Signs of deer damage are easier to recognize than you’d think. Neatly trimmed (bitten) off branches, and favorite plants like hosta eaten to the ground are all signs of deer damage.
Bambi may be cute in the movies, but the damage that she does to your home garden can be extensive. Before I moved to rural Virginia, I’d never seen deer damage in the garden up close and personal. Rabbits, sure. Slugs, of course. But deer? Never.
The first year I planted hosta in my shade garden, every single one disappeared. I thought they had simply died, but I planted annuals instead each year in the same area of the garden. This year, I divided hosta in the garden near our patio, and planted the divisions in the shade garden area. They were just starting to take root and flourish when I went outside to water them a few evenings ago and saw this:
This is a classic example of deer damage.
Typical Signs of Deer Damage.
Deer leave telltale signs when they munch on ornamental plants:
- Leaves, stems and flowers completely bitten off, as in the photo above. Rabbits tend to nibble and insects eat around the margins of leaves or in the center, but rarely chomp off entire leaves like this.
- Trampled plants near the eaten plant. Deer hooves smash nearby plants. In the photo above, there were ferns growing to the right, more transplants from areas of my garden. One was ground into the soil from a hoof.
- Bark rubbed on nearby trees.
- Deer droppings or scat left nearby. Deer droppings look like rabbit droppings, only larger. Think black marbles.
I created this infographic to show you the points made above:
Hosta are like candy to deer. I grow them successfully directly against the house, but whenever I try to grow them in the perennial garden near the woods, this is the result.
If anyone tells you a plant is “deer proof”, they don’t know what they’re talking about. No plant is completely deer proof! Hungry deer will eat anything – anything! However, there are some plants they love, and some they avoid if they can.
The key to gardening successfully in areas where white-tailed deer are prevalent is to plant deer resistant varieties. Rutgers University published a paper on deer-resistant landscape plants (you can download it here). If your garden, like mine, is on a path frequented by deer, be smart and plant deer resistant plants. Or else accept the fact that some, like my poor hosta above, will get eaten by the deer.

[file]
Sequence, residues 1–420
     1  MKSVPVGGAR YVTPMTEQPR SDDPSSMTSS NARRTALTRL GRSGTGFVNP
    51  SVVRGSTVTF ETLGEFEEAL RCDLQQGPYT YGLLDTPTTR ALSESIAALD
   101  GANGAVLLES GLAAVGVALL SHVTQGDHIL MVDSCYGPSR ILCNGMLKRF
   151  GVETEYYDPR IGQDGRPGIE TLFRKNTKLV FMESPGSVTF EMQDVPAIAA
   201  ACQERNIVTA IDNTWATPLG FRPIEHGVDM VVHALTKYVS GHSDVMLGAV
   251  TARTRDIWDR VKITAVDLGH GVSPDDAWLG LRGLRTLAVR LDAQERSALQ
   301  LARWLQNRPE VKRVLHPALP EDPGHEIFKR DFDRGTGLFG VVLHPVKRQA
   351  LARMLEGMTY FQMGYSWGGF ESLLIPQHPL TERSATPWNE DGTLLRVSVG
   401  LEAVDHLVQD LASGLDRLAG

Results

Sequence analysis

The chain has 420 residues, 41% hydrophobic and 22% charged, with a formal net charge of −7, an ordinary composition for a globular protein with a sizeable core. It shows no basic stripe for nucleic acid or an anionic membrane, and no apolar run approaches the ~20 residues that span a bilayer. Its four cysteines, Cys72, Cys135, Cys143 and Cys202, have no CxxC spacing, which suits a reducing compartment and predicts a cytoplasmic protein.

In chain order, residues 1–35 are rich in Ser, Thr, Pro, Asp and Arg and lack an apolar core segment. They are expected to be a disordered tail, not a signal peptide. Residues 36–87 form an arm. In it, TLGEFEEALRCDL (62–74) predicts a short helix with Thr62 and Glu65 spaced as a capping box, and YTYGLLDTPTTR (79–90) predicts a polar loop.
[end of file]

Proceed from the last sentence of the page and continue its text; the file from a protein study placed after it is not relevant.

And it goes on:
Some gardeners swear by products like Milorganite, an organic compound that has a scent that is said to repel deer. Home remedies abound. For example, I’ve heard of deer repellent recipes that include human hair, dog hair, strongly scented soaps like Irish Spring or Life Buoy, or other scents to repel deer. None have proved effective in my garden. I brush my long haired German shepherd dog, Shadow, daily, and leave piles of her hair around the garden. Aside from giving the local bird population some nice soft dog hair to line their nests with, it doesn’t do anything to repel deer. I’ve tried sprays, but not Milorganite – a neighbor swears by that product but I can’t vouch for it. The only thing I’ve found to be effective is to plant perennials and shrubs that deer find distasteful.
If Bambi frequents your garden, learn from my mistake. Plant hosta near the house, like this patch in my garden, below, if you love the plant as much as I do. If you plant it where deer can access it easily, enjoy the stubs, because that’s all that will be left!
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Jeanne Grunert is a certified Virginia Master Gardener and the author of several gardening books. Her garden articles, photographs, and interviews have been featured in The Herb Companion, Virginia Gardener, and Cultivate, the magazine of the National Farm Bureau. She is the founder of The Christian Herbalists group and a popular local lecturer on culinary herbs and herbs for health, raised bed gardening, and horticulture therapy.